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Published: Sunday, 5/12/2013 - Updated: 1 year ago

Firm flip-flops sandals from sea into sales

ASSOCIATED PRESS
Finished toy animals made from pieces of discarded flip-flops are laid out in rows to dry in the sun, having just been washed, at the Ocean Sole flip-flop recycling company in Nairobi, Kenya. Finished toy animals made from pieces of discarded flip-flops are laid out in rows to dry in the sun, having just been washed, at the Ocean Sole flip-flop recycling company in Nairobi, Kenya.
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NAIROBI, Kenya — The colorful handmade giraffes, elephants, and warthogs made in a Nairobi workshop were once only dirty pieces of rubber cruising the Indian Ocean’s currents.

Kenya’s Ocean Sole sandal recycling company is cleaning the East African country’s beaches of used, washed-up flip-flops and other sandals.

About 45 workers in Nairobi make 100 products from the discarded sandals. In 2008, the firm shipped an 18-foot giraffe to Rome for display during a fashion week.

Founder Julie Church says the goal is to create products that people want to buy, then make them interested in the back-story.

Workers wash the flip-flops, many of which show signs of multiple repairs. Artisans then glue together the various colors, carve the products, sand, and rewash them.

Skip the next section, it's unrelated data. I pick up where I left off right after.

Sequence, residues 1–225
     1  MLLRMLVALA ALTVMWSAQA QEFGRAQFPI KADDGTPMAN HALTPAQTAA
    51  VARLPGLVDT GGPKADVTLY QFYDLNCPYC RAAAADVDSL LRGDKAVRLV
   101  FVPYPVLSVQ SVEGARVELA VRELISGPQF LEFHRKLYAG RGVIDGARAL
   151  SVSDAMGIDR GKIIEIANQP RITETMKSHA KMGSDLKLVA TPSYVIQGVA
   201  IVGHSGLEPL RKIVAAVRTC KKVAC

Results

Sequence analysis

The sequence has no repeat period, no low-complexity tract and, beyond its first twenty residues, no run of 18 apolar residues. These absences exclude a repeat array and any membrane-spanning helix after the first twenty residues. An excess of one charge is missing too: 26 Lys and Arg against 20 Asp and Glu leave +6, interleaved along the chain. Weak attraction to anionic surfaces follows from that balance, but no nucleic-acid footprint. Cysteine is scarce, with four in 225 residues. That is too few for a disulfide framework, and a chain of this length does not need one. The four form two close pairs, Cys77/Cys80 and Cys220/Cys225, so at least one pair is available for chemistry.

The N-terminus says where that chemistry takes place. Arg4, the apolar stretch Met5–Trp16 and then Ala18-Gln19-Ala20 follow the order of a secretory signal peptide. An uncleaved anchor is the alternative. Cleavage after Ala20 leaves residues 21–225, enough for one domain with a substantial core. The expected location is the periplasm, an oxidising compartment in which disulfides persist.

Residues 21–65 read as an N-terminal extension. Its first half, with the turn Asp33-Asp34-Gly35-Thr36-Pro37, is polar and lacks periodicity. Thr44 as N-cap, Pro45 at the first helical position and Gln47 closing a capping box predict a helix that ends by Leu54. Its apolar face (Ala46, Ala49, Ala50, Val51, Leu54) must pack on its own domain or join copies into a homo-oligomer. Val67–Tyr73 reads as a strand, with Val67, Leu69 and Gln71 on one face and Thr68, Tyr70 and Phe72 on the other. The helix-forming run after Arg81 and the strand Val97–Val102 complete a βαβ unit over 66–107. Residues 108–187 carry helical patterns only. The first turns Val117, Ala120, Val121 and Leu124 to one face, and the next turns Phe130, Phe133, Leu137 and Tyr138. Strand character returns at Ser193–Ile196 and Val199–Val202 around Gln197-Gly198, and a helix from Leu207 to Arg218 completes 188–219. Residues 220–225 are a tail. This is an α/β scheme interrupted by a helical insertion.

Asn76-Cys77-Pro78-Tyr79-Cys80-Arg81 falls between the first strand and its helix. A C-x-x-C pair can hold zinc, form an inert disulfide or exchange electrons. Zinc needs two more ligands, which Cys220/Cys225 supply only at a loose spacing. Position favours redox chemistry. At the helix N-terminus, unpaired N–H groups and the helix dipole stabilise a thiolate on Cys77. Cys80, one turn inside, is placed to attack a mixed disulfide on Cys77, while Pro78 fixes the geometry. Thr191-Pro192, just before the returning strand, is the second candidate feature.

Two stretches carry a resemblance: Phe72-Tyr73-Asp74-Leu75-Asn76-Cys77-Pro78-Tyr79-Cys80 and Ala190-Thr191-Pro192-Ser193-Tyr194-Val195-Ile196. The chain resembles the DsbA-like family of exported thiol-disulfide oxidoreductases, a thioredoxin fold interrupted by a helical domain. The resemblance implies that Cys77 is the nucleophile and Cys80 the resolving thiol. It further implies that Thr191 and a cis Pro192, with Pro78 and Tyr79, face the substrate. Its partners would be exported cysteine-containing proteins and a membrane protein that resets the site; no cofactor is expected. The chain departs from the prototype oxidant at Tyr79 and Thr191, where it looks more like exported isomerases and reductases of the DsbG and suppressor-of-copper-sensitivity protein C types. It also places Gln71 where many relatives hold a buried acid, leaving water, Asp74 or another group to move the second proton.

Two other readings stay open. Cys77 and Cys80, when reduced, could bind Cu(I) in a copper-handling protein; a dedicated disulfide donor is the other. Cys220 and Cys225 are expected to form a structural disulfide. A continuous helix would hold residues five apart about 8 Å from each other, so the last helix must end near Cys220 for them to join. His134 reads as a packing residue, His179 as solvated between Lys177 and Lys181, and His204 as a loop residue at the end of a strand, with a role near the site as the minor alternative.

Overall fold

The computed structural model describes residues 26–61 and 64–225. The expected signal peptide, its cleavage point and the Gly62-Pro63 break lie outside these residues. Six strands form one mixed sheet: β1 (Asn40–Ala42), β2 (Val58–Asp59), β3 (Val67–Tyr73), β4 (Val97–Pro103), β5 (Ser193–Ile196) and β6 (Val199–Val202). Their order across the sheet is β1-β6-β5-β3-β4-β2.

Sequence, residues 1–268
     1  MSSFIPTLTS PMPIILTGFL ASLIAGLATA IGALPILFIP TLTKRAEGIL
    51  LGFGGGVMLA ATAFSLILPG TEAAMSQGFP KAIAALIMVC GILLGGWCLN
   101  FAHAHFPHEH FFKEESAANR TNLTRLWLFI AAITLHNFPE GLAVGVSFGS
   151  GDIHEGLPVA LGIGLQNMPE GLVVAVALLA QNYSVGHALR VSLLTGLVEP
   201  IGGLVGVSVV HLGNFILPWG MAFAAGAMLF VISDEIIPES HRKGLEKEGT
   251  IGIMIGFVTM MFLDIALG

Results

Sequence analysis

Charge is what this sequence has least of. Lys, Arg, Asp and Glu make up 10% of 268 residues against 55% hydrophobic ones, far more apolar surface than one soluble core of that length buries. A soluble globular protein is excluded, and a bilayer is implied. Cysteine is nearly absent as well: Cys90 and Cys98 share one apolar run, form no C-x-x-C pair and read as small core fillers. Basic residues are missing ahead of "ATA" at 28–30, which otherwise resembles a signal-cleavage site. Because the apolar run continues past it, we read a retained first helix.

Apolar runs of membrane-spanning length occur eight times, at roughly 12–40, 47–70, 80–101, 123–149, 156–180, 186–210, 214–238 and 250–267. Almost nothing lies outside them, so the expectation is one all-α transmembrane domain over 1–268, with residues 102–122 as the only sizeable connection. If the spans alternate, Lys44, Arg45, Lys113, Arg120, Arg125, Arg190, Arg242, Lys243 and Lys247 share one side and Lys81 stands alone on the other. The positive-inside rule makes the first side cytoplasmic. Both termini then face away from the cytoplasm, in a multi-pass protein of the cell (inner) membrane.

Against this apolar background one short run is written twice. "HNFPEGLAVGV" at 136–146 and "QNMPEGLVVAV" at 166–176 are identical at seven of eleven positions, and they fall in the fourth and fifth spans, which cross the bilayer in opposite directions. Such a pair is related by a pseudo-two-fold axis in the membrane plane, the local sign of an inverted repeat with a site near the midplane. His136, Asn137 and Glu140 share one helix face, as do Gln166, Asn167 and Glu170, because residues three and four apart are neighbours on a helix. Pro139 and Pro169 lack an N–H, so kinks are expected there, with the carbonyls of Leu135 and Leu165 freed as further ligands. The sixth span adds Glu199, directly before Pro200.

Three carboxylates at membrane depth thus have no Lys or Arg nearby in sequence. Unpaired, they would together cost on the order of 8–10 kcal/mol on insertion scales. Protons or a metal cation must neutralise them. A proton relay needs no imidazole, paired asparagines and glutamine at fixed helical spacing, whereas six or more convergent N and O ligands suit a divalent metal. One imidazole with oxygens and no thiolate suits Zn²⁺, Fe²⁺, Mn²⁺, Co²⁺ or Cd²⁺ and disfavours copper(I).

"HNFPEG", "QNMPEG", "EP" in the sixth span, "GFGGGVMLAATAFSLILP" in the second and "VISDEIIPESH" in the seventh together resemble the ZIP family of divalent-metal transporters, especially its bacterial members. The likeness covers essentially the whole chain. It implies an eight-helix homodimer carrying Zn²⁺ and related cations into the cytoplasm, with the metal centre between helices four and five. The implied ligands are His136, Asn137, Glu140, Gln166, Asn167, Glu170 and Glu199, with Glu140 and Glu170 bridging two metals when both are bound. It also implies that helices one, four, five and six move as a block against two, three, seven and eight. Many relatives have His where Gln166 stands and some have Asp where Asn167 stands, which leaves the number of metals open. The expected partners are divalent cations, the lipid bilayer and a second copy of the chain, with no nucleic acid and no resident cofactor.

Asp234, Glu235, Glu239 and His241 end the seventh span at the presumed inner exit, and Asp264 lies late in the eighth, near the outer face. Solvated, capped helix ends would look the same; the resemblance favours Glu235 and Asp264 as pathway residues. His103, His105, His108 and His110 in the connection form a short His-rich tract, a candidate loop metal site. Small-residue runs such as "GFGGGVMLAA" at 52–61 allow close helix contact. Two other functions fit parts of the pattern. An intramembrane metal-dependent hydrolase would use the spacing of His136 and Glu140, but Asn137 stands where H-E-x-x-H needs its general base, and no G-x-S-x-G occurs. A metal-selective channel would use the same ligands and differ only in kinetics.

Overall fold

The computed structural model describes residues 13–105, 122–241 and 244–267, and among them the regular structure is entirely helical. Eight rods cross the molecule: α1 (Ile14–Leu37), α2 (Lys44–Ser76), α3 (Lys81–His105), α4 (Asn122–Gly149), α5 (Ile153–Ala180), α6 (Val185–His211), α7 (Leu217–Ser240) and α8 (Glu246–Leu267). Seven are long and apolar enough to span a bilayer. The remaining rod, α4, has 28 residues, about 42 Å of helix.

Ms. Church first noticed Kenyan children turning flip-flops into toy boats about 1999, when she worked as a marine scientist for WWF — World Wildlife fund — and the Kenya Wildlife Service on Kenya’s coast near the border with Somalia.

Turtles hatching on the beach had to fight their way through the debris on beaches to get to the ocean, Ms. Church said, and a plan to clean up the debris and create artistic and useful items gained momentum.

Her eco-friendly project took off when WWF ordered 15,000 key rings.

The company turns over about $150,000 a year, she said, booking a small loss last year. But investment money is flowing in, and the firm is in the midst of rebranding itself from the FlipFlop Recycling Company to Ocean Sole.

The company aims to sell 70 percent of its products outside Kenya. It has distributors in the United States, Europe, and inquiries from Japan.

Its biggest purchasers are zoos and aquariums.

Employee Dan Wambui said he enjoys the visitors to the Nairobi workshop.

“They come from far ... when they see what we are doing we see them really happy and they are appreciating. We feel internationally recognized and we feel happy about it,” Mr. Wambui said.



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